Corporate America is poised to report a second consecutive quarter of strong earnings, as companies find ways to squeeze additional profit from each dollar of sales in a high-growth, low-inflation economy.

Industry analysts now anticipate that earnings for the 500 companies that make up the Standard & Poor's 500 will be as much as 15 percent higher than a year earlier in the quarter that ends June 30, according to the research firm First Call Corp. That comes on the heels of a first quarter in which the companies reported earnings 10.5 percent higher than in the first three months of 1998.

The strong performance occurs despite warnings from some big-name companies of lower-than-anticipated earnings -- or even losses -- for the period. Among the laggards are Bethesda aerospace giant Lockheed Martin Corp., No. 1 personal computer maker Compaq Computer Corp. and personal products maker Gillette Co.

"The second quarter is going to be a terrific quarter for earnings growth, and you've got another one coming behind it," said First Call's research director, Charles Hill. He said third-quarter earnings are currently pegged to rise by 20 percent, bolstered in part by comparisons with a weak quarter in 1998, when earnings fell by 3.1 percent.

What's behind the bullishness? Two things: first and foremost, the continued strong U.S. economy, but also the ability of companies to squeeze more profit from every dollar of sales through relentless cost cutting and investments in efficiency-improving technology.

Dell Computer Corp., for example, has shaved its operating expenses by 14 percent in the past three years with increased use of the Internet to sell its products. Wal-Mart Stores Inc., the world's largest retailer, which saw same-store sales increase 9.3 percent in the first quarter, said recently that it plans to spend $800 million on new computerized systems to further lower costs.

The first-half profit performance is a sharp rebound from late last year, when companies, suffering from slumping sales overseas, posted a 3.1 percent decline in earnings in the third quarter and single-digit growth in the fourth. Companies worried then that U.S. economic growth would slow as exporters were unable to sell their goods to weakened overseas markets.

But the reverse happened. Fear of financial chaos abroad led foreign investors to seek haven in U.S. Treasury bonds, sending interest rates to some of their lowest levels in years and helping to fuel a consumer spending spree at home. Within the United States, purchases of homes, cars and consumer electronics soared.

"Global and domestic economic developments suggest that a broad-based recovery in S&P 500 earnings per share is in the works this year, as a number of unanticipated events have worked together to reverse the decline in profit margins witnessed in 1998," Steven Wieting and Mitchell Held, economists for Salomon Smith Barney Holdings Inc., wrote in a report to clients last week.

Legg Mason Wood Walker Inc. strategist Richard Cripps said analysts at his Baltimore-based brokerage have been hearing nothing but good news as they make the rounds among the companies they follow.

"Everything they heard from them was citing the good economy," Cripps said, pointing out that growth in output rose at better than a 4 percent annual rate in the first quarter, well above projections.

"It's the tail wind from a strong economy," he said. "Keep in mind, at the beginning of the year most analysts, most economists and most companies were [expecting] a growth rate of 2 percent. We're double that."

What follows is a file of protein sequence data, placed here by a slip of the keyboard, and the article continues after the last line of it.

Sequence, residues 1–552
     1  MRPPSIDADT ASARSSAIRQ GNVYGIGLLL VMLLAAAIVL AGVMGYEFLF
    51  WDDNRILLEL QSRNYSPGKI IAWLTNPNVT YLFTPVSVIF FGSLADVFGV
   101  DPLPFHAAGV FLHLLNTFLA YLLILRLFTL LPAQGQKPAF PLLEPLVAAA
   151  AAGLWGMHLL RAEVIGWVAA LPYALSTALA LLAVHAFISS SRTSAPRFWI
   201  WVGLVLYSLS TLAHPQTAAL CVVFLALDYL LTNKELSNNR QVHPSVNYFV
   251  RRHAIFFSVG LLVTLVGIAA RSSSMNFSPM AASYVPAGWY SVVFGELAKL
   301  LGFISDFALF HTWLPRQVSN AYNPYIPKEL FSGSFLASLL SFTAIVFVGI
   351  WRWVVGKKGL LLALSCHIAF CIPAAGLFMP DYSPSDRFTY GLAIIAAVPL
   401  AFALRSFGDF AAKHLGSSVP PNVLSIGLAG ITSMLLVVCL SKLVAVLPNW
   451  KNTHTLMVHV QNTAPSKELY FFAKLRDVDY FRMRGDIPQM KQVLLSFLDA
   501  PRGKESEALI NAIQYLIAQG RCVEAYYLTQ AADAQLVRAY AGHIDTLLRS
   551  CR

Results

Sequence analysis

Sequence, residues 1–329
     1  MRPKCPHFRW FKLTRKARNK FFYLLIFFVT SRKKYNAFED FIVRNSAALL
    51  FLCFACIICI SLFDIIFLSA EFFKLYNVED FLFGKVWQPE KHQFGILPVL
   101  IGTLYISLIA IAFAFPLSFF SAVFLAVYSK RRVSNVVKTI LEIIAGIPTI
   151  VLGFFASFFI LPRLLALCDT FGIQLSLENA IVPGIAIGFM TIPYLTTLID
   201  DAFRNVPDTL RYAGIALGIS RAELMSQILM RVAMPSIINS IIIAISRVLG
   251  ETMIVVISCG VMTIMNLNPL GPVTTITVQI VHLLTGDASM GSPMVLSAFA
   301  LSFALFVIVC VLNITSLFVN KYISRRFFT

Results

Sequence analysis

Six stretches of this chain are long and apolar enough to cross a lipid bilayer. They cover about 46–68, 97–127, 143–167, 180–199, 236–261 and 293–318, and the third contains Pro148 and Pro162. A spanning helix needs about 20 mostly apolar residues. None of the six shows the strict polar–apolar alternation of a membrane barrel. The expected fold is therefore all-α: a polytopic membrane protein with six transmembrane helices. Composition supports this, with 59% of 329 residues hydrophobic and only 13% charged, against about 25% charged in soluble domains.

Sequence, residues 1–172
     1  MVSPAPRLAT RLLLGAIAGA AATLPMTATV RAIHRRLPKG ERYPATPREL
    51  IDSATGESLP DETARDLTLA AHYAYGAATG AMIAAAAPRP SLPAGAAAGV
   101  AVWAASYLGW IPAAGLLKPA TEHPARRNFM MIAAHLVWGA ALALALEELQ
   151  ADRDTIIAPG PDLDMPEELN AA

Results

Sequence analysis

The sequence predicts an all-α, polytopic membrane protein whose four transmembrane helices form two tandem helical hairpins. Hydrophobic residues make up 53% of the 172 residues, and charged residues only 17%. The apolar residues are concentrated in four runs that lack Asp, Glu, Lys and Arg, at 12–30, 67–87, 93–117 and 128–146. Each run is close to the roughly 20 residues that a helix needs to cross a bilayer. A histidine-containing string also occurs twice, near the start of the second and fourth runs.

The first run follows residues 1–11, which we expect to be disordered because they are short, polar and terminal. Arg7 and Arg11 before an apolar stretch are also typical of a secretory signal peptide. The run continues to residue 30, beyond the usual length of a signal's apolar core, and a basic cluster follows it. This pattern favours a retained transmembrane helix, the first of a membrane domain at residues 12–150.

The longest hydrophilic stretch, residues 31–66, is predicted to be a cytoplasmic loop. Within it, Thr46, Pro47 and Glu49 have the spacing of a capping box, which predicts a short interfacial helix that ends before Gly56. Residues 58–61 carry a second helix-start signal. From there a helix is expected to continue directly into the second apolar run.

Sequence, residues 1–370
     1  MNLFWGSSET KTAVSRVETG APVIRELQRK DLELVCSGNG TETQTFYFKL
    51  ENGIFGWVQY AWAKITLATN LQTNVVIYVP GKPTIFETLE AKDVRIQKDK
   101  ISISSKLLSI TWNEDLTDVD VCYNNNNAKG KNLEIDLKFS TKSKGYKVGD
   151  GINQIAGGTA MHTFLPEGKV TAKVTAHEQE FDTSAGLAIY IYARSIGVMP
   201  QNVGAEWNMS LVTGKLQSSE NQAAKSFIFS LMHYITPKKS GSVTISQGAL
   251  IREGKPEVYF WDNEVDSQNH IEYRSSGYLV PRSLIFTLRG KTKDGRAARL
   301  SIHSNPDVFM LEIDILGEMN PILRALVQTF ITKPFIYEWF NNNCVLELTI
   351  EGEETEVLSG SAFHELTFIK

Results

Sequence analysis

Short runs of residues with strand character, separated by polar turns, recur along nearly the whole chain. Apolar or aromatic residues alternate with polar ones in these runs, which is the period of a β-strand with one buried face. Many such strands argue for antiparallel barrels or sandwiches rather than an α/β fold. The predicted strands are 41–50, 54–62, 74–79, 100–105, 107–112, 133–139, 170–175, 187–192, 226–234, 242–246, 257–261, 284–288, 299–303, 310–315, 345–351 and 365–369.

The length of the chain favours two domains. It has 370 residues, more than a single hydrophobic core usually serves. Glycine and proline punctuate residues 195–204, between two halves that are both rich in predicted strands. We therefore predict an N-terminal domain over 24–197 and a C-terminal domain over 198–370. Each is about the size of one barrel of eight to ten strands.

Among industries that will post the strongest earnings gains, analysts said, will be retailers, home builders, automakers and supermarkets.

"The strength will clearly be in retailers, driven by the low unemployment and the wealth effect that's related to the strong stock market," said Ned Riley, chief investment strategist at BankBoston Corp. "In the auto area, too, we're working on almost a record quarter for auto sales."

James Gribbell, manager of the Babson Growth Fund, said he expects the strongest performance of all will come from companies in the technology area, particularly telecommunications and semiconductor firms.

"There's just an enormous amount of demand for bandwidth, driven by the Internet," said Gribbell, whose $500 million fund counts MCI WorldCom Inc. among its biggest holdings.

Analysts said the bad news emanating from such household names as Gillette and Compaq is largely specific to those companies and not indicative of widespread problems.

Gillette cited difficulties in developing markets overseas in warning of a low-single-digit percentage increase in its second-quarter profits, while Compaq is reeling from not having adapted quickly enough to competition from Dell and Gateway 2000 Inc.

Companies such as Gillette, which derive a large portion of their sales from developing economies, are finding it hard to estimate profits from those countries, said Mark Godfrey, a senior analyst with the Invesco family of mutual funds.

"What you saw from Gillette last week was those economies did not turn around as quickly as they foresaw," Godfrey said.

The one cloud on the earnings horizon is the widespread expectation that the Federal Reserve Board will lift interest rates a notch when its policymaking committee meets next week. But most analysts and economists believe a small increase in rates will have little effect on the streamrolling U.S. economy. That, along with the fact that third-quarter profits this year will be viewed in comparison with a decline for the same period last year, means the profit rebound should continue.

Still on Track

The technology sector is expected to have another very strong quarter (though not quite as strong as last), while sectors that have been lagging the most -- such as energy -- are expected to improve.

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SOURCE: First Call